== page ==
In partnership with Northwest Missouri State University, the North Kansas City School District operated a pilot "Grow Your Own" program this summer in hopes of getting high school students interested in pursuing a teaching career, according to the Kansas City Star.
- The program, which gives students college credit, would be followed by two tuition-free years at a community college, after which the students would transfer to Northwest Missouri State’s Northland Innovation Campus in Gladstone. The district would also give the students on-the-job experience, such as teaching in an after-school program.
The goal of the program is to diversify the teaching force and keep promising young teachers in the community.
As states scramble to address teacher shortages this year, some communities are hoping to avoid such shortages in the future by luring young people into teaching profession, even while they are still in high school.
A blog post earlier this year from the Center for Great Teachers and Leaders at the American Institutes for Research noted that little is known about how “grow your own” programs are designed and implemented. The post featured videos describing various models, such as Pathways2Teaching in Denver and a micro-credentialing program called Educators Rising. Training future teachers is also a high priority for New York City schools Chancellor Carmen Fariña.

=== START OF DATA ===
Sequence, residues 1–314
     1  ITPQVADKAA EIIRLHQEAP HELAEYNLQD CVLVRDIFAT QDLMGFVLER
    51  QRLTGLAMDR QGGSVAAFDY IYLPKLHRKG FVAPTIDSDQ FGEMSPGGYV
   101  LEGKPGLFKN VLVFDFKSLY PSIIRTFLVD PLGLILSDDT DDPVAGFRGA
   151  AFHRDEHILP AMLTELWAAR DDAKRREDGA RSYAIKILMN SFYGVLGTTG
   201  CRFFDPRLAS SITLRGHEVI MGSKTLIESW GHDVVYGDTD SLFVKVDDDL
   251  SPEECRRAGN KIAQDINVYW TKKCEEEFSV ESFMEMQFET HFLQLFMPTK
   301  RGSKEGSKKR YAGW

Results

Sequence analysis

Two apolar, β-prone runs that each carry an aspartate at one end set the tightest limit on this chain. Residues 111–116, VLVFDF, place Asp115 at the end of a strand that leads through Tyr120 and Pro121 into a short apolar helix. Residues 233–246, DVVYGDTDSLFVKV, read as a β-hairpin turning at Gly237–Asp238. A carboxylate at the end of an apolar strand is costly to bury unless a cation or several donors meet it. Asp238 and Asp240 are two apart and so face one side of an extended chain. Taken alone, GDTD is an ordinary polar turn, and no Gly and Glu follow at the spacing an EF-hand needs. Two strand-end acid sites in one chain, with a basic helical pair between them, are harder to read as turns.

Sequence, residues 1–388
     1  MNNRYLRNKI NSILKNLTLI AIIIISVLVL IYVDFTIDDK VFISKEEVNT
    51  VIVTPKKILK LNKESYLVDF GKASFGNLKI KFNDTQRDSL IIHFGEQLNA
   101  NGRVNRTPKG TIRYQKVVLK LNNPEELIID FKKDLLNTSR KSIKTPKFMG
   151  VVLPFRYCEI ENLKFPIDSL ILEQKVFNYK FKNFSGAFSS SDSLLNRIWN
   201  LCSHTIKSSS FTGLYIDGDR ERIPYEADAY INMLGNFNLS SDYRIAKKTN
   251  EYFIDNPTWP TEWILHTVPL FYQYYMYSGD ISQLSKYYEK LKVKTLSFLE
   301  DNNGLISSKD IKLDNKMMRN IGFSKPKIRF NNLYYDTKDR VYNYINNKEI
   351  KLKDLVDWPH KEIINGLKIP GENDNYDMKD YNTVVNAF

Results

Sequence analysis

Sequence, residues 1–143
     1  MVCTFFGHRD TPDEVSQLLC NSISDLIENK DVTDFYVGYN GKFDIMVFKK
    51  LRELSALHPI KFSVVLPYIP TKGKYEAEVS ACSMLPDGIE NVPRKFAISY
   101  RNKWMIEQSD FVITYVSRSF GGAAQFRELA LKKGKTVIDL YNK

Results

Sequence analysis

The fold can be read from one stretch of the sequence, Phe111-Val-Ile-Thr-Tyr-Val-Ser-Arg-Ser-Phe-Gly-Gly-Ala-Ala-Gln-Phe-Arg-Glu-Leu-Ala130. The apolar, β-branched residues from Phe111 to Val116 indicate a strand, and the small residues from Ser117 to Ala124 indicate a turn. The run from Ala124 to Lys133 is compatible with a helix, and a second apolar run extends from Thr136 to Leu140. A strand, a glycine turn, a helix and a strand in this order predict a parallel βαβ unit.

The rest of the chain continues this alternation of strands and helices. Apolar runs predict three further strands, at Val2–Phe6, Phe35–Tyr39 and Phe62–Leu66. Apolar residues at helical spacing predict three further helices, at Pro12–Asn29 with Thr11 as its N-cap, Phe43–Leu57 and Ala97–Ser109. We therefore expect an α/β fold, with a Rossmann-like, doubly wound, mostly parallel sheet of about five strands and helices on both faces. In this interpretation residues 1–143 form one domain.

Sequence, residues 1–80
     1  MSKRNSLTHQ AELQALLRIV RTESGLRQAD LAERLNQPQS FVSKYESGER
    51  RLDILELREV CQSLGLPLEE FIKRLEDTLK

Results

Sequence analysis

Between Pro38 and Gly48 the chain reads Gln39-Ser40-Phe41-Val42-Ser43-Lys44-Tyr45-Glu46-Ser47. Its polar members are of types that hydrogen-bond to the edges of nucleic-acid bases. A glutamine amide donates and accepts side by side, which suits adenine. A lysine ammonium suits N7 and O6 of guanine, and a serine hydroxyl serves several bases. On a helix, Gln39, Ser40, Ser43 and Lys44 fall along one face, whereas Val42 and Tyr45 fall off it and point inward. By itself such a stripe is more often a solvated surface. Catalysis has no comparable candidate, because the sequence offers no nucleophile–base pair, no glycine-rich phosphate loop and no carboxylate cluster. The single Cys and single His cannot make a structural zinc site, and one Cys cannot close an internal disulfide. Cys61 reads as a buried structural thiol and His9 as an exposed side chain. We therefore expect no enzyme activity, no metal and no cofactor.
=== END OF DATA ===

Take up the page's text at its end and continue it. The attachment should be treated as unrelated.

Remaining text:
Surveys show, however, that young people are often not interested in going into a teaching career. An article last year in Educational Leadership discussed that high school teacher preparation programs face challenges such as a “lack of structure for how to implement a gold standard grow-your-own program,” but that new standards created by Educators Rising, along with its Educators Rising Academy curriculum are helping to solve that problem.